Taxpayer-funded AIDS programs subsidize Gilead CEO John Martin’s salary
Meanwhile thousands are cut off from these very programs due to funding shortages. Martin repeatedly jacks up drug prices to line his pockets. He’s at it again with Stribild, charging a shocking $28,500 per year – 37% more than existing drug regimens. Stribild doesn’t work better than other drugs, and may be less safe, yet Martin is demanding taxpayers pay more!
Gilead is demanding that states pay a higher price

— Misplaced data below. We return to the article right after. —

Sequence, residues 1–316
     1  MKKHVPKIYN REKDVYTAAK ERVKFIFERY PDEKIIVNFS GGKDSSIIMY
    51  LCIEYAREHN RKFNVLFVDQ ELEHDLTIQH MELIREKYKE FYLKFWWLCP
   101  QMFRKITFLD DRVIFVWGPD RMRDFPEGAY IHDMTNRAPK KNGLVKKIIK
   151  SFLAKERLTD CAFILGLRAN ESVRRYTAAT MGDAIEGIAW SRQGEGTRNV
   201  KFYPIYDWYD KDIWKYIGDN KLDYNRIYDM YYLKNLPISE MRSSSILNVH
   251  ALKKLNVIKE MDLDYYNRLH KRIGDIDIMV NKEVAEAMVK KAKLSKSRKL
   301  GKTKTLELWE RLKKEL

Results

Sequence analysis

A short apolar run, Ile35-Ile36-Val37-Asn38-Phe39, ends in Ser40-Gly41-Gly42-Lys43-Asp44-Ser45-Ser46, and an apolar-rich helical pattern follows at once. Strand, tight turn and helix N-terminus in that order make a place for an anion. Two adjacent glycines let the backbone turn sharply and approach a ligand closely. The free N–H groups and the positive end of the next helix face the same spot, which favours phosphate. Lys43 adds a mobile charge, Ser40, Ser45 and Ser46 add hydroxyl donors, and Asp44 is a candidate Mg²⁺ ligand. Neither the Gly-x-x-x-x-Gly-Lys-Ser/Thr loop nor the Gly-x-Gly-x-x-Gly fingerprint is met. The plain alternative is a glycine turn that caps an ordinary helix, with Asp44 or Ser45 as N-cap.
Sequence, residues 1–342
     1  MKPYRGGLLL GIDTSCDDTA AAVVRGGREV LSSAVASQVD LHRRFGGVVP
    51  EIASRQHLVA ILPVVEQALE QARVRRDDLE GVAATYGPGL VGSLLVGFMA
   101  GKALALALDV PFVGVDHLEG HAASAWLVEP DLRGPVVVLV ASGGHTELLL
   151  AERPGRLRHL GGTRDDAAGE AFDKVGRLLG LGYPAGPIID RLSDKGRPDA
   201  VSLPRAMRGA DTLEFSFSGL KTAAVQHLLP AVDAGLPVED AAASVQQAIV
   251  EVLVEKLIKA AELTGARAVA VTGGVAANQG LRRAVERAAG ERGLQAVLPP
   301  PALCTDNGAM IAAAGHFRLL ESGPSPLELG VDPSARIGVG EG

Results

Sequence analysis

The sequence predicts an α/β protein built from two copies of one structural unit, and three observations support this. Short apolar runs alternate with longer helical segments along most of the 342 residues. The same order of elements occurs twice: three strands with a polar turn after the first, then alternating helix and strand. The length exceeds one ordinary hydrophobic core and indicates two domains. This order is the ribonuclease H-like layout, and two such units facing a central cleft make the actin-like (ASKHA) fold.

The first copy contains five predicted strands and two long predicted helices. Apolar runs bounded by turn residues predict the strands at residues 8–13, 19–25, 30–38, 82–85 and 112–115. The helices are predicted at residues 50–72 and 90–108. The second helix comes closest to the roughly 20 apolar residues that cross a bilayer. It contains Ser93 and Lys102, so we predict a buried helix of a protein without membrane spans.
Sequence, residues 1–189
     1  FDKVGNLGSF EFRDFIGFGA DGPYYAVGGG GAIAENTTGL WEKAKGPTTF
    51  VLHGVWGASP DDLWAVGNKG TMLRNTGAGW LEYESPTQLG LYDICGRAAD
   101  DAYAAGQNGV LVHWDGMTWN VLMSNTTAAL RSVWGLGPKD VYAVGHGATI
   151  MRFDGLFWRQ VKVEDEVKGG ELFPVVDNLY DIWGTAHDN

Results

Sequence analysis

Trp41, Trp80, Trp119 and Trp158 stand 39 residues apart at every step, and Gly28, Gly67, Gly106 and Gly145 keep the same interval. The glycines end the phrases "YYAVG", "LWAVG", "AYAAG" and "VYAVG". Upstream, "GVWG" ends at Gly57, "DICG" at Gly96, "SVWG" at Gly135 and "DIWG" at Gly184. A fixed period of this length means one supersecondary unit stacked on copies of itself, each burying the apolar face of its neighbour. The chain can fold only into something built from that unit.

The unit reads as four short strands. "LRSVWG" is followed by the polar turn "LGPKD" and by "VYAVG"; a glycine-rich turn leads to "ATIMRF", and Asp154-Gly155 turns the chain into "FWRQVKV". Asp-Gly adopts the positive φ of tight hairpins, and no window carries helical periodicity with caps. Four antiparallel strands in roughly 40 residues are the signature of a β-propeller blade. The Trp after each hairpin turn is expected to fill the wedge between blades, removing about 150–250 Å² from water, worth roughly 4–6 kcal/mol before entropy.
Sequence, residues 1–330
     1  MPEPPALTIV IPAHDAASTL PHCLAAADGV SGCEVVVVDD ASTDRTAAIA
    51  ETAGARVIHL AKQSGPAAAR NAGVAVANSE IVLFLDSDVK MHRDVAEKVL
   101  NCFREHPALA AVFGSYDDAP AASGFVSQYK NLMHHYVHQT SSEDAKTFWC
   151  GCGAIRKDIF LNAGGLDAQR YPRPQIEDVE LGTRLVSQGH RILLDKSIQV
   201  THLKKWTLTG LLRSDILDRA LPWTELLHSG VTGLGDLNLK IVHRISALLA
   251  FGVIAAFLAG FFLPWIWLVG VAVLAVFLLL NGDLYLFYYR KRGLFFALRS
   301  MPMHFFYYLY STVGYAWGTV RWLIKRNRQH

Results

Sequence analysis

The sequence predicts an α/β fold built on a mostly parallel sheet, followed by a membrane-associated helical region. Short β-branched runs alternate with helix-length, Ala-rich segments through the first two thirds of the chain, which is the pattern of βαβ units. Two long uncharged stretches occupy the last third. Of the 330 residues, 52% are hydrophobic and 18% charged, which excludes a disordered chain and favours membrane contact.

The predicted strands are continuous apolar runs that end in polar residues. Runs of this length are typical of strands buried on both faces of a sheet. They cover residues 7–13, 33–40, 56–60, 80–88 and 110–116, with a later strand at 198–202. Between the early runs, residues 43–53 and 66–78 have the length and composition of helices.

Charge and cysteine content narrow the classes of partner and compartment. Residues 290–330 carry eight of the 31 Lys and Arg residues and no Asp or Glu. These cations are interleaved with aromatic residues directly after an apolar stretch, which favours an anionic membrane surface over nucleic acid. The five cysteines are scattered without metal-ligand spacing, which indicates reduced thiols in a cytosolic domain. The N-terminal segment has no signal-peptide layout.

For Stribild even though it does not work better than existing HIV drugs, and may be less safe. For example, studies have shown that Stribild is clinically similar to Atripla (the most popular HIV treatment on the market), in terms of controlling the HIV virus and keeping patients healthy. A separate study found that it causes more kidney problems than Atripla and other HIV drugs. If Gilead gets its way, the state will be forced to pay more for a drug that does not provide an improvement to patients. This will needlessly raise healthcare costs and ultimately put lives at risk.